The Mann-Whitney Test for significance was performed on Prism 8 (GraphPad Software, San Diego, United States of America) to determine whether the bacterial communities generated from the 16S rRNA hypervariable regions tested (V1–V3 and V3–V4) were significantly different from each other.

RNA Extraction and Sequencing

Total RNA was extracted from ticks as described previously (Harvey et al., 2019). Briefly, individual ticks were washed in cold 100% ethanol and extracted individually using the Qiagen RNeasy Mini Kit (Chadstone, Australia). Each sample was then analyzed on the 2100 Bioanalyzer (Agilent, Mulgrave, Australia) to ensure the quality of the RNA sample and then pooled by collection location, with five ticks in each pool. Pooled samples were then subjected to rRNA depletion using the Ribo-Zero-Gold (epidemiology) kit (Illumina) and sequencing libraries were constructed using the TruSeq RNA Library Prep Kit (Illumina, Scoresby, Australia). Paired end sequencing was then performed for all libraries on the HiSeq2500 platform. All library preparation and sequencing were performed at AGRF (Melbourne, Australia).

Virus Identification and Abundance Measure

RNA-seq reads were trimmed using Trimmomatic (v. 0.36) (Bolger et al., 2014) and de novo assembled into contigs using Trinity (v. 2.5.1) (Grabherr et al., 2011). Assembled reads were then blasted against the GenBank nr database (NCBI, March 2020) using diamond BLASTx (v. 0.9.25) (Buchfink et al., 2015). Contigs showing amino acid sequence similarity to viral proteins were checked for sequence similarity to non-viral sequences against the GenBank nt database (NCBI, March 2020) using BLASTn (BLAST+ 2.9.0) (Altschul et al., 1990). Where possible, contigs were further assembled into larger genome fragments manually in Geneious (v. 9.1.8) (Kearse et al., 2012). The abundance of assembled contigs or genomes were then measured using Bowtie2 (v. 2.2.5) (Langmead and Salzberg, 2012). rRNAs were removed from the total number of reads for abundance calculations by identifying rRNA contigs obtained through blasting the assembled contigs against the rRNA sequences available in the NCBI nt database (March 2020). The unassembled fastq files were then aligned to these sequences using Bowtie2 (v.2.2.5). Abundance graphs were produced by calculating RPKM (reads per kilobase million) using functions within the tidyverse package (v.1.3.0) in R (v.3.6.3).

Phylogenetic Analysis of Viral Sequences

To determine the phylogenetic relationship of each virus to previously characterized viruses, the blast hit with the highest sequence similarity was used to identify the relevant virus family. The relatively well conserved RNA dependent RNA polymerase (RdRp) region or polyprotein amino acid sequences for the relevant families were extracted from the NCBI RefSeq database (March 2020) and a web-based Blast search was used to ensure all related sequences were included in the phylogenetic analysis. The recovered sequences were aligned with MAFFT (v. 7.300) (Katoh and Standley, 2013) using the L-INS-I algorithm. Sequence alignments were then trimmed to remove large gaps and expanses of unaligned sequences using TrimAL (v. 1.4.1) (Capella-Gutierrez et al., 2009). The resulting trimmed alignments were then manually checked to ensure their length and quality. This process resulted in five alignments of length equal to or greater than 415 amino acids. The maximum likelihood method in IQ-Tree (v. 1.6.12) (Nguyen et al., 2015) was then used to infer phylogenetic trees for each alignment. The model finder function (Kalyaanamoorthy et al., 2017) was enabled to select the best-fit model of nucleotide substitution for each alignment, and 1000 bootstrap replications were performed to assess the statistical support for each node.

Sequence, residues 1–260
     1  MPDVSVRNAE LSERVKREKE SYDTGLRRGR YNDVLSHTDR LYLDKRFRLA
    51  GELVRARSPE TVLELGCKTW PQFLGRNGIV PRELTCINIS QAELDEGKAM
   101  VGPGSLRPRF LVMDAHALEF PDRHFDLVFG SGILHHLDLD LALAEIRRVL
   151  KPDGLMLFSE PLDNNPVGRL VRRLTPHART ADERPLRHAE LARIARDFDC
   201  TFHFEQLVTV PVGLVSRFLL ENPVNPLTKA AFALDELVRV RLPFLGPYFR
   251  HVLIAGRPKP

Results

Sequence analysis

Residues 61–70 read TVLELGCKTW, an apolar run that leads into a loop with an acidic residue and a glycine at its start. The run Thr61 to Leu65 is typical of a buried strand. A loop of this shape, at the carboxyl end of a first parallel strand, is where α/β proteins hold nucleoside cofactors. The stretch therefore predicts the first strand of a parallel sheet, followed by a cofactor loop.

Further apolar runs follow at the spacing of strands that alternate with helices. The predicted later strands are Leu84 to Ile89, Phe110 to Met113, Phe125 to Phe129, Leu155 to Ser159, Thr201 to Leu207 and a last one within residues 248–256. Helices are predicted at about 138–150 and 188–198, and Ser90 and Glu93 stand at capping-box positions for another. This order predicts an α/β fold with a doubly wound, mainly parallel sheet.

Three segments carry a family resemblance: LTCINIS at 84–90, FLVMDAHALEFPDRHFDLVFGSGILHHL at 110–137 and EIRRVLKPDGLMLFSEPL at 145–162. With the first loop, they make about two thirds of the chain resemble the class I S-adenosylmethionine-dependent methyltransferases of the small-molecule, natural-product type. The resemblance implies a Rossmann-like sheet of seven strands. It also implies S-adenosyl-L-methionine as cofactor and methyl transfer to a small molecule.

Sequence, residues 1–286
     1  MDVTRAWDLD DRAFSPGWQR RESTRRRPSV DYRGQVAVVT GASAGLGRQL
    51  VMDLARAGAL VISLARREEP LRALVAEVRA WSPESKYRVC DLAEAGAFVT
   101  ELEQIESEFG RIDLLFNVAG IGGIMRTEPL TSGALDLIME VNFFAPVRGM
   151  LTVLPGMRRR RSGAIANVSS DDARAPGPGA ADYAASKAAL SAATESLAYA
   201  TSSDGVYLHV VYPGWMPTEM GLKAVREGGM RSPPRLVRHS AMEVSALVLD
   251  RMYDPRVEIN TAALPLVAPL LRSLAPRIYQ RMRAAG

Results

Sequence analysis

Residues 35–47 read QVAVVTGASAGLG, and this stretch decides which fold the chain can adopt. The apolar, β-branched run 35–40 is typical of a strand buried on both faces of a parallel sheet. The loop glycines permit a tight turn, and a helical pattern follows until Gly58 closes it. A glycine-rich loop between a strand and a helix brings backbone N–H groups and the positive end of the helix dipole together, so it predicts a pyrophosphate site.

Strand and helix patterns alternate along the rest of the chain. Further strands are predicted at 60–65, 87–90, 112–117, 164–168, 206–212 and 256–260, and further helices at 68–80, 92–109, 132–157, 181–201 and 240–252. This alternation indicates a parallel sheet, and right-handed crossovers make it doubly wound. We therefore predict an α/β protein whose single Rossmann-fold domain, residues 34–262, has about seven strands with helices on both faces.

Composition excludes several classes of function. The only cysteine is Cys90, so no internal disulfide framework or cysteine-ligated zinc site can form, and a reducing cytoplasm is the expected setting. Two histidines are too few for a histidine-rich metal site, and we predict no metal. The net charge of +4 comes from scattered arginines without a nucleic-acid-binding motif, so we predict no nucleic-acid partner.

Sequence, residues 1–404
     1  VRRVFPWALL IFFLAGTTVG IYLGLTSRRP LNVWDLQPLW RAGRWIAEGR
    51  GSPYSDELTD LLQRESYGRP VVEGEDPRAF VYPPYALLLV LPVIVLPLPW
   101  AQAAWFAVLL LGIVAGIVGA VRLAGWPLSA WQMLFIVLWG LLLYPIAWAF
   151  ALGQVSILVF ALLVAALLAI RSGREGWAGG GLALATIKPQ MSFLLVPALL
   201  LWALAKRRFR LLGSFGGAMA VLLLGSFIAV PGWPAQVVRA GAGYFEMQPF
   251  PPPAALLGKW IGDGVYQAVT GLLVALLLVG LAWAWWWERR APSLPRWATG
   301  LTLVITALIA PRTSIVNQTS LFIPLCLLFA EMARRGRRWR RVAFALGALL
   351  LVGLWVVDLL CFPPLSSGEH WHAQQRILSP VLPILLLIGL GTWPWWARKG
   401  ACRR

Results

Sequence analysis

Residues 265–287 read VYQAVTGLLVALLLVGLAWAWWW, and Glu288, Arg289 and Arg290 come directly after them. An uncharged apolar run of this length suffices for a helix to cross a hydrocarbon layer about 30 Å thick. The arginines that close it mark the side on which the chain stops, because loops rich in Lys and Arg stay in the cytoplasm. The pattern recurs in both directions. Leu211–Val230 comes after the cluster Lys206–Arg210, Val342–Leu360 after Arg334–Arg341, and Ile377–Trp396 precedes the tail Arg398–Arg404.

Screening for Fungal and Parasitic Pathogens

To identify pathogenic fungi or eukaryotic parasites within the RNA-seq data set, the fastq files were analyzed using ccMetagen (Marcelino et al., 2020) to taxonomically categorize the sequence alignment output produced by KMA (Clausen et al., 2018). The results were filtered to exclude hits to viruses, bacteria, and plant species by superkingdom classification. The output was then further filtered to include only those hits to species known to act as pathogens in mammals. The nucleotide sequence for the closest match to each hit was extracted from NCBI and the fastq reads aligned using Bowtie2 (v2.2.5) (Langmead and Salzberg, 2012) to these sequences to manually remove hits where reads aligned to low complexity regions.